Conditions of Use
Researchers in the Section of Community Mental Health (CMH) at King’s College London have developed seven measures relating to different aspects of stigma and discrimination. These measures are freely available to download so long as you comply with the below conditions, including completing a short registration survey.
If you work or study in a university or health setting the scales are freely available for you subject to the conditions below.
Please fillow these steps to gain aceess to the scales.
How to access the scales, key papers, manuals and translations?
The scales held on this website
Once you fill out the registration survey, copy paste the password at the end of the survey from your window screen, and you can access the following scales:
Translations into Arabic, Cantonese, French, Italian, Kannada, Spanish (Spain), Spanish (Colombia), Portuguese and Telegu
The BACE measures barriers to accessing mental health care. It asks about 30 different barriers to care, and has a special focus on stigma-related barriers. It has a ‘treatment stigma’ subscale to assess to what extent the stigma associated with mental health care has been a barrier for an individual. It has good psychometric properties and is also being used in several studies around the world. Read this description in another language.
The CODA has been developed to measure the economic costs than can arise due to the stigma and discrimination which people with mental health problems often face. The content of the CODA was based on a systematic review of the topic and on focus groups. The main sections of the CODA cover employment, health care use and avoidance, and leisure activities.
Translations into Swedish, Traditional Chinese (Taiwan), Arabic, Amharic, Tamil, Urdu, Turkish, Polish, Spanish
The DISC is an interview-based scale which measures experiences of mental health-related discrimination (‘being treated unfairly’) in key areas of everyday life and social participation, including work, marriage, parenting, housing, leisure, and religious activities. It has 21 questions. The DISC is designed to be completed by people who have experience of mental health problems. It is a reliable and valid measure and has been in over 40 countries around the world. The DISCUS is a shorter version of the DISC scale, with only 11 questions, measuring experiences and anticipated discrimination predominantly in personal and social relationships in global settings. Read this description in another language.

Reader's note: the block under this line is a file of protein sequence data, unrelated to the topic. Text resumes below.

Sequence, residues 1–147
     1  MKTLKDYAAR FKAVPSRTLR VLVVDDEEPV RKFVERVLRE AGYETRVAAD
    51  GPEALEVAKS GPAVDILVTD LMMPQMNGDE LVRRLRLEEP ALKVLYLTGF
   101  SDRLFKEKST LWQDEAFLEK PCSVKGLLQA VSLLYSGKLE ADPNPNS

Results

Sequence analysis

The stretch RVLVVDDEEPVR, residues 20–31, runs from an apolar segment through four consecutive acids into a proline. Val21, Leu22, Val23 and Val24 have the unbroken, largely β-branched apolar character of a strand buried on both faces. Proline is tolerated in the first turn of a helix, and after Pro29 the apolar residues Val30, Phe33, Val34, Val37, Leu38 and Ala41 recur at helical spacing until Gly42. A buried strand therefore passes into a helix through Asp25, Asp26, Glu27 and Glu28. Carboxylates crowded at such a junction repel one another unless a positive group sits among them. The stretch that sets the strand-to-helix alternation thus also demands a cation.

Translations into Arabic, Czech, Cantonese, French, Japanese, Kannada and Swedish
MAKS has been developed to measure mental health-related knowledge. The tool assesses and tracks stigma-related mental health knowledge among the general public and can be used to evaluate anti-stigma interventions. If used in combination with other assessment tools that measure attitudes and behaviour, MAKS can help researchers plan and develop interventions that effectively reduce stigma. Read this description in another language.
Translations into Czech, Nepali, French, German, Italian, Kannada, Spanish, Portuguese, Slovak and Thai
The Mental Illness Clinicians’ Attitudes Scale (MICA-2) was created for use with medical students. It was found to be reliable, valid and responsive to change. An amended version (MICA-4) was validated with a sample of nursing students and may be suitable for staff and students from a wide range of health professions. The MICA has 16 questions and has been widely used around the world. Read this description in another language.
Translations into Polish and German
The QUAD is a new measure of anticipated discrimination. It asks people how much they personally anticipate experiencing mental health-related discrimination across 14 areas of life. The QUAD is intended for use with people who have a mental health problem. Our research showed that the QUAD is an understandable, reliable and valid questionnaire.
Translations into Arabic, Cantonese, Dutch, Italian, Japanese, Kannada, French and Swedish
RIBS has been designed to assess and track mental health related behavioural discrimination among the general public. Several studies have demonstrated the significance and high prevalence of discrimination experienced by service users, emphasising the importance of assessing and documenting behavioural tends. Read this description in another language.